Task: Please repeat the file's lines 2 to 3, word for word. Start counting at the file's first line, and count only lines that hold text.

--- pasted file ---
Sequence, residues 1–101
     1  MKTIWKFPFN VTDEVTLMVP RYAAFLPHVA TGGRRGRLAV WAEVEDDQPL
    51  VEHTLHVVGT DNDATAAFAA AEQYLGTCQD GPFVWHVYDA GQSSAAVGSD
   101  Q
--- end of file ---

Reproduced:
     1  MKTIWKFPFN VTDEVTLMVP RYAAFLPHVA TGGRRGRLAV WAEVEDDQPL
    51  VEHTLHVVGT DNDATAAFAA AEQYLGTCQD GPFVWHVYDA GQSSAAVGSD